Fig. 28A. Squamous cell carcinoma with hyperchromatic nuclei containing prominent nucleoli (Papanicolaou, x600).







Fig. 28B. Squamous cell carcinoma with bizarre shape (ponytail) (Papanicolaou, x600).







 

Fig. 28C. Squamous cell carcinoma with tumor diathesis (Papanicolaou, x600).







 

Spindle squamous cell carcinoma is a poorly differentiated variant of squamous cell carcinoma characterized by pleomorphic, spindled, non-keratinizing cells. The differential considerations include sarcoma and malignant melanoma with spindle cell features.

GLANDULAR EPITHELIAL LESIONS

Current terminology for glandular lesions

The 2014 Bethesda System subclassifies glandular lesions into: (1) atypical, NOS; (2) atypical, favor neoplastic; (3) endocervical adenocarcinoma in situ; and (4) adenocarcinoma.8

Atypical glandular cells 

Atypical glandular cells (AGC), whenever possible, should be categorized according to the site of origin, (endocervical or endometrial), as the clinical management for patients with glandular abnormalities may markedly differ depending upon the cell type. If it is not possible to confidently categorize cell type, the generic “atypical glandular cells/AGC” terminology is used. Further qualification “favor neoplastic” and “not otherwise specified/NOS” except in cases of endometrial cells, as reliable subclassification of this category is difficult.8 Initial management of all categories of AGC, with the exception of atypical endometrial cells, is colposcopy with adequate endocervical sampling.

Atypical endocervical cells (NOS or specify in comments) – At least 10 well-preserved endocervical or squamous metaplastic cells should be observed to report that a transformation zone component is present. The benign endocervical cells are present singly, in strips or in ”honeycomb” sheets, and columnar mucinous cells with basally located small round nuclei (Fig. 29).

Fig. 29. Benign endocervical cells (Papanicolaou, x600).





 

 

The diagnosis of atypical endocervical cells, NOS is rendered when endocervical cells display nuclear atypia that exceeds obvious reactive or reparative changes but lack unequivocal features of endocervical adenocarcinoma in situ or invasive adenocarcinoma.8 Atypical endocervical cells are arranged in sheets and strips with crowding, nuclear overlap, and pseudostratification. Atypical endocervical cells have enlarged nuclei varying in size and shapes, mild hyperchromasia, mild evenly distributed chromatin, slightly increased nuclear to cytoplasmic ratio (Fig. 30).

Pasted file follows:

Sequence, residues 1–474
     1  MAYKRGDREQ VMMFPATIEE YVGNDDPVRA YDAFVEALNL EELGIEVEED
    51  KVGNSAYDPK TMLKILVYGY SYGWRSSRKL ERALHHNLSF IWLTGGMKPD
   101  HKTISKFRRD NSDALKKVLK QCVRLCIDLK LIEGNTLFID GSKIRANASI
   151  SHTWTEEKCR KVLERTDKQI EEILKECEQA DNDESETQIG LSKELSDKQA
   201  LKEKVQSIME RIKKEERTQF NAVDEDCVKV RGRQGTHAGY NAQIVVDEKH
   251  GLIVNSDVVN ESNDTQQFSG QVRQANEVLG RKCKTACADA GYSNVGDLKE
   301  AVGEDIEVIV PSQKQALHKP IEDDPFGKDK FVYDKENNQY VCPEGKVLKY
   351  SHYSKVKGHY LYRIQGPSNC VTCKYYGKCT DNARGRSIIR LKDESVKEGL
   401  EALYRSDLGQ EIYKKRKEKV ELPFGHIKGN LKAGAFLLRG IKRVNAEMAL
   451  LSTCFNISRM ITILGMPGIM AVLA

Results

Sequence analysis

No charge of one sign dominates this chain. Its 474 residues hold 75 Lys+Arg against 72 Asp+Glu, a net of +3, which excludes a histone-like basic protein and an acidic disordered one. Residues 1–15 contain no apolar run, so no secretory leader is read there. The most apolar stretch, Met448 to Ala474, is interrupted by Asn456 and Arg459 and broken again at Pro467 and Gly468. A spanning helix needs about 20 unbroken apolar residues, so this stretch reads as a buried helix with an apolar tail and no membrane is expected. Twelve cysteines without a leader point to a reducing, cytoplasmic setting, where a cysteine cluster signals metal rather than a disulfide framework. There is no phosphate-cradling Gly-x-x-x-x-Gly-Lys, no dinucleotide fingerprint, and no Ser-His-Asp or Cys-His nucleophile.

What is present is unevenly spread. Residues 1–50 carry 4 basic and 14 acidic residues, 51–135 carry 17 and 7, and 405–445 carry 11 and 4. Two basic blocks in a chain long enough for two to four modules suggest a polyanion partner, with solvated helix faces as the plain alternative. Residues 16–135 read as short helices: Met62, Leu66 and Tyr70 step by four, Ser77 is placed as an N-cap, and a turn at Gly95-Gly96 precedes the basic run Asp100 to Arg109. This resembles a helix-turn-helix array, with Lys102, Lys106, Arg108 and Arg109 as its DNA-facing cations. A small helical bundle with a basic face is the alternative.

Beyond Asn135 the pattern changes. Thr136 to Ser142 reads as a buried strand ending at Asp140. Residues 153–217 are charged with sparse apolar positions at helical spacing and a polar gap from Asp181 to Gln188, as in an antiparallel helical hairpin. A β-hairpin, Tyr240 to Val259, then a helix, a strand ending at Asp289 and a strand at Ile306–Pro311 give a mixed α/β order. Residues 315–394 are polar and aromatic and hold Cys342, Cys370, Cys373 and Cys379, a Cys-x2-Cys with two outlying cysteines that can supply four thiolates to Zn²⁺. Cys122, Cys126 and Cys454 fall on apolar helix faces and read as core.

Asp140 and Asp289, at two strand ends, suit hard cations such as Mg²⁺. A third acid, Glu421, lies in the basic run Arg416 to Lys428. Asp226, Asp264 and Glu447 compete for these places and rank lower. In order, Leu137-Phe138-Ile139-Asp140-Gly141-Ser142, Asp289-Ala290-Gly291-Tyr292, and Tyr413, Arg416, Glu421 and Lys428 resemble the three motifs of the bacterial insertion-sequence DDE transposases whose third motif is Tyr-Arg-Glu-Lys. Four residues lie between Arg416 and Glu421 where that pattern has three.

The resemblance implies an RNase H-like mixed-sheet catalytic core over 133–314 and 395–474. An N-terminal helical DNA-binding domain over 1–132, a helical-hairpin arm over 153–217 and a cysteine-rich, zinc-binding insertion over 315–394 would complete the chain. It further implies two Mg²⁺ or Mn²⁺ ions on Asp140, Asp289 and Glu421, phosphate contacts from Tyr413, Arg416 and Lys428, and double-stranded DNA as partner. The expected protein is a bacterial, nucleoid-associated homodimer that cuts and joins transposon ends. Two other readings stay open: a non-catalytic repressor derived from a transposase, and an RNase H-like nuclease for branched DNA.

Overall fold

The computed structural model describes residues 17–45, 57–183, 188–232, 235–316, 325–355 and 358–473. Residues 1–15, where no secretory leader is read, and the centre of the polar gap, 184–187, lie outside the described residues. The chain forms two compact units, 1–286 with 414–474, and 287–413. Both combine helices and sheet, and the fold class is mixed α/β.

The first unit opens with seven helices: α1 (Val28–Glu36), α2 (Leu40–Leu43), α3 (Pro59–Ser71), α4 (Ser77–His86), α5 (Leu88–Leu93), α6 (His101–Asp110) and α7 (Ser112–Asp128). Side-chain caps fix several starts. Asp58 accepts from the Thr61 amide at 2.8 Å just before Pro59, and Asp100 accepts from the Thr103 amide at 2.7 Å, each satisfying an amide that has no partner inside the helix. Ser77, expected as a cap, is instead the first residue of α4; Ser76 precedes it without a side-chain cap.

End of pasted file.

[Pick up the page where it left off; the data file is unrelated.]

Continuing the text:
Fig. 30. Atypical endocervical cells (Papanicolaou, x600).






 


Atypical endometrial cells (NOS or specify in comments) – Exfoliated endometrial cells are normal in a woman of reproductive age during menses and the proliferative phage (first 2 weeks of menstrual cycle). The finding of exfoliated endometrial cells should be reported in women over 45 years. In postmenopausal women, exfoliated endometrial cells are considered abnormal and raise the possibility of endometrial neoplasm. The cells are arranged in three-dimensional clusters, with some nuclei around the edge of clusters and showing double-contoured clusters (Fig. 31). The cells have a small nuclei similar in area to a normal intermediate squamous cell nucleus.8 The cytoplasm is scant with ill-defined cytoplasmic borders.

  Fig. 31. Benign endometrial cells (Papanicolaou, x 600).

 

 

 

 

 

The distinction of cytologically benign from atypical endometrial cells is based primarily on the criterion of increased in nuclear size.8 The cells are arranged in small groups, have slightly enlarged, mild hyperchromatic nuclei with chromatin heterogeneity, and have scant cytoplasm with occasional cytoplasmic vacuoles and will defined borders (Fig. 32).

Fig. 32. Atypical endometrial cells (Papanicolaou, x600).




 

 

 

According to the 2012 ASCCP guidelines, women with diagnosis of atypical endocervical cells should be managed with colposcopy (with endocervical sampling) and endometrial sampling (Fig. 33).28, 29 Women with diagnosis of atypical endometrial cells should be managed with endometrial and endocervical sampling (Fig. 33).

Fig. 33. 2012 ASCCP guidelines for management of women with AGC.





 

 

Atypical glandular cells, favor neoplastic

Atypical endocervical cells, favor neoplastic The diagnosis of atypical endocervical cells, favor neoplastic is rendered when morphology of endocervical-like cells either quantitatively or qualitatively falls just short of an interpretation of endocervical adenocarcinoma in situ or is invasive adenocarcinoma.8 

The abnormal endocervical-like cells are arranged in sheets, strips, glandular formation or feathering with nuclear crowding, or pseudostratification. The cells have enlarged and elongated, hyperchromatic nuclei with coarse chromatin, and increased nuclear to cytoplasmic ratio.8 Management of atypical endocervical cells, favor neoplastic is colposcopy.28, 29,